Filed under book | Tags: · aesthetics, anonymous, anthropology, code, computing, ethics, floss, free software, hacker culture, hacking, intellectual property, internet, internet activism, software, web
“Who are computer hackers? What is free software? And what does the emergence of a community dedicated to the production of free and open source software–and to hacking as a technical, aesthetic, and moral project–reveal about the values of contemporary liberalism? Exploring the rise and political significance of the free and open source software (F/OSS) movement in the United States and Europe, Coding Freedom details the ethics behind hackers’ devotion to F/OSS, the social codes that guide its production, and the political struggles through which hackers question the scope and direction of copyright and patent law. In telling the story of the F/OSS movement, the book unfolds a broader narrative involving computing, the politics of access, and intellectual property.
E. Gabriella Coleman tracks the ways in which hackers collaborate and examines passionate manifestos, hacker humor, free software project governance, and festive hacker conferences. Looking at the ways that hackers sustain their productive freedom, Coleman shows that these activists, driven by a commitment to their work, reformulate key ideals including free speech, transparency, and meritocracy, and refuse restrictive intellectual protections. Coleman demonstrates how hacking, so often marginalized or misunderstood, sheds light on the continuing relevance of liberalism in online collaboration.”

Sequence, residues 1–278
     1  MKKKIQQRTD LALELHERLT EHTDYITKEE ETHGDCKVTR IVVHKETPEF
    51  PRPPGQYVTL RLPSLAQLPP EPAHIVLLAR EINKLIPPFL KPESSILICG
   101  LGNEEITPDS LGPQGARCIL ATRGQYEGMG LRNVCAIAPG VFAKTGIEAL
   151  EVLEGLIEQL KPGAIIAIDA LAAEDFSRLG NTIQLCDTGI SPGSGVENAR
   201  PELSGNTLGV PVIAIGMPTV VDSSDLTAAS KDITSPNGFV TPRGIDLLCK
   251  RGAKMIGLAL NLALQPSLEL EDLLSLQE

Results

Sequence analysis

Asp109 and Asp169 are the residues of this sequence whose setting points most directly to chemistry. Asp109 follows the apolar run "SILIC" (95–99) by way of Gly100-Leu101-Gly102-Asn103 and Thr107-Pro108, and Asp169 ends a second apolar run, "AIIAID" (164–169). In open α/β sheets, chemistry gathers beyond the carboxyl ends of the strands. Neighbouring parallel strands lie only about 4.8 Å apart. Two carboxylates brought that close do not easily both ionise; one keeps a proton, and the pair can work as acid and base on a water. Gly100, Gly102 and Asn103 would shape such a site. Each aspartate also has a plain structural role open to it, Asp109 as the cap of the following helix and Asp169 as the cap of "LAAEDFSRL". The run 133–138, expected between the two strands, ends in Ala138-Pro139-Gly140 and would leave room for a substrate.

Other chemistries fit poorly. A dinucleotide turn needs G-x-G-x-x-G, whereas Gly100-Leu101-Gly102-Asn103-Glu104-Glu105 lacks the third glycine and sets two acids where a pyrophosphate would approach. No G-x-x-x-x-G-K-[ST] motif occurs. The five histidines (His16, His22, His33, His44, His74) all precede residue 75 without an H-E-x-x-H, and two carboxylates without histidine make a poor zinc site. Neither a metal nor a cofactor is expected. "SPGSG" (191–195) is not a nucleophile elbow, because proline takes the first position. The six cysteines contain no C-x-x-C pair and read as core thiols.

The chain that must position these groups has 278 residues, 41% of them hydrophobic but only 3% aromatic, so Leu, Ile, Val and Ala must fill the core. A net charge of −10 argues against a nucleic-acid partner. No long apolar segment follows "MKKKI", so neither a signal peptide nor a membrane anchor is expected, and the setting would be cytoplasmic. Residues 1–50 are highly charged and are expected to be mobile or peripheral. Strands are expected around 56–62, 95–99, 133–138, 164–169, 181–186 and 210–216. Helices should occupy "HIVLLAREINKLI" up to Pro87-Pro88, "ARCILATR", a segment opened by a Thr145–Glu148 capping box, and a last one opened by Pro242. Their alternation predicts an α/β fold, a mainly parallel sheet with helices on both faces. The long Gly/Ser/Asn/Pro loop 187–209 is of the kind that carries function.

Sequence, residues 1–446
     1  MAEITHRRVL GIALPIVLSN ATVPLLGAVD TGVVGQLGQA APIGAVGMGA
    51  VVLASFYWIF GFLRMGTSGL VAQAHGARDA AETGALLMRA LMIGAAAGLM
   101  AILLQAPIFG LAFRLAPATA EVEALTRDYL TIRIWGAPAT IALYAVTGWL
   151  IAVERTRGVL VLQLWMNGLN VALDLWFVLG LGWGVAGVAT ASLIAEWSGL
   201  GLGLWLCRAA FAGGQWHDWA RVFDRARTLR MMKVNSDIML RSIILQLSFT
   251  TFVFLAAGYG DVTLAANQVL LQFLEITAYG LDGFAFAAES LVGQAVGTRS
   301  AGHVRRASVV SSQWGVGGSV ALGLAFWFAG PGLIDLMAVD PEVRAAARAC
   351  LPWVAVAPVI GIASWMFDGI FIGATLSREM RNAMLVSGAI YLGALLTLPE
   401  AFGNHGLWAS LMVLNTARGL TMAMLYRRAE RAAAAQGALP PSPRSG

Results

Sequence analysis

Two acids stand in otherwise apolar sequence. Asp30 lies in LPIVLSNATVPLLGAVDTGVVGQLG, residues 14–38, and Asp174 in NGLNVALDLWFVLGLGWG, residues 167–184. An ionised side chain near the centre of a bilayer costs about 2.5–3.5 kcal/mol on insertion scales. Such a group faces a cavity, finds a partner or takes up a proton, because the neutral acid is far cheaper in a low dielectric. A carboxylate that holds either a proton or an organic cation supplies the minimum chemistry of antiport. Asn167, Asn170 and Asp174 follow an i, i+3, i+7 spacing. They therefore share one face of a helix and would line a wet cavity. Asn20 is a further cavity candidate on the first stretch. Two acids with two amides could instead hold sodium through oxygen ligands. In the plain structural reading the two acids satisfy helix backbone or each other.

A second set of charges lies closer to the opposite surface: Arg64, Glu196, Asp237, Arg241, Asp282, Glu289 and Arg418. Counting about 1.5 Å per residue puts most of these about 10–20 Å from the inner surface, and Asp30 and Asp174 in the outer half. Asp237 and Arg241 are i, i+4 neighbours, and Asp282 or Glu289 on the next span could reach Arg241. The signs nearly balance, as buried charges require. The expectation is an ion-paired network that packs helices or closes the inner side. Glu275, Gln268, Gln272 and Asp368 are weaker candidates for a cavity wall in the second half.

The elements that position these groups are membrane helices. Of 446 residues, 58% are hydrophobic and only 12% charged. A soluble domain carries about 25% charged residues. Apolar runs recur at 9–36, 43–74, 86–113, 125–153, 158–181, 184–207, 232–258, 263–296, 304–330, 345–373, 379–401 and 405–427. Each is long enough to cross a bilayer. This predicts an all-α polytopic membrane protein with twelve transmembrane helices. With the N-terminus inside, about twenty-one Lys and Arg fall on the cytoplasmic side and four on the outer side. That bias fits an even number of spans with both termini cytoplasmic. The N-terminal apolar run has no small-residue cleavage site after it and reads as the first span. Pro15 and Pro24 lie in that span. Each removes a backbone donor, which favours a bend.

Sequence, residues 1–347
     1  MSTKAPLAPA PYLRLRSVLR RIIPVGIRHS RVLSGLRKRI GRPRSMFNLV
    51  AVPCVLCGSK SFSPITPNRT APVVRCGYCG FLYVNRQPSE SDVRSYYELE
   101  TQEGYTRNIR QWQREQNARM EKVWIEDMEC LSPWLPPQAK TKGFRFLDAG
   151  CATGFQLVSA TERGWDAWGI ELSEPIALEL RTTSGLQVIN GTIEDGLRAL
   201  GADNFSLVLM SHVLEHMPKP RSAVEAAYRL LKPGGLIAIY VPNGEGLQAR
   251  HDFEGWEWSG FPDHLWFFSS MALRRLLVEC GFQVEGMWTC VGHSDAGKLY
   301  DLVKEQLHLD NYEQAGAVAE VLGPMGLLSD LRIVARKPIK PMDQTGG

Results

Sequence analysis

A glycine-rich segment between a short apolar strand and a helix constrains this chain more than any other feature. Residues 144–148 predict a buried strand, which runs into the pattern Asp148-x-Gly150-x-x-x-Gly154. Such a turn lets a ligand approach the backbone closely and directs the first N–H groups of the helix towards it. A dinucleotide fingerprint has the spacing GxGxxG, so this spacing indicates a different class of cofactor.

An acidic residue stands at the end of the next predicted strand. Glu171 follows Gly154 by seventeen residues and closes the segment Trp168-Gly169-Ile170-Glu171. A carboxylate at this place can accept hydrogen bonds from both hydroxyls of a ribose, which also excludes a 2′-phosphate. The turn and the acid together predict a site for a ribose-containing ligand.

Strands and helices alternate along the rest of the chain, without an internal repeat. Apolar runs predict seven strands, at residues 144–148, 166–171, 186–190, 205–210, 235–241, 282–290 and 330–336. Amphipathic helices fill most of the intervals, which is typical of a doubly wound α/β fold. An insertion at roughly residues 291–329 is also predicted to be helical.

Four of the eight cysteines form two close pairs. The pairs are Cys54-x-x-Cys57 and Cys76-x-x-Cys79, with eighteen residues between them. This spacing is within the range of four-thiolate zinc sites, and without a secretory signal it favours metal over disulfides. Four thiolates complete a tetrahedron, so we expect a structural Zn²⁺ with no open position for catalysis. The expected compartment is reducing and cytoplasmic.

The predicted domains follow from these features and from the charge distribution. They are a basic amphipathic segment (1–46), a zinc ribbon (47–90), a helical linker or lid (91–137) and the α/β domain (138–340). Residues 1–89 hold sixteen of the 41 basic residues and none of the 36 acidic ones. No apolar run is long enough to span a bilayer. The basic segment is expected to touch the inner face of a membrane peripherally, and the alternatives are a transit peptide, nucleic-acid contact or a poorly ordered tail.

Publisher Princeton University Press, 2012
Creative Commons Attribution-NonCommercial-NoDerivs 3.0 License
ISBN 1400845297, 9781400845293
Responses: Jo Bates, Denisa Kera, Brett Lunceford, Jorge Luis Zapico, Alexander Halavais, Stéphane Leman-Langlois, Ethan Zuckerman
Reviews: James Grimmelmann (Jotwell: Cyberlaw, 2012), David Banks (Cyborgology, 2012), Eric Raymond (2013), Cade Metz (Wired, 2013), Mike Doherty (Hashbang, 2013), Bruce Byfield (Linux Mag blog, 2013), Bryan Behrenshausen (OpenSource.com, 2013), Roy S. Gutterman (Journalism & Mass Communication Q, 2014), Tim Jordan (American J Sociology, 2014), Emily T. A. Earl (Techno_ethno, 2014), Anne Elizabeth Yaniga (Techno_ethno, 2014), Sebastian Kubitschko (Culture Machine, 2014).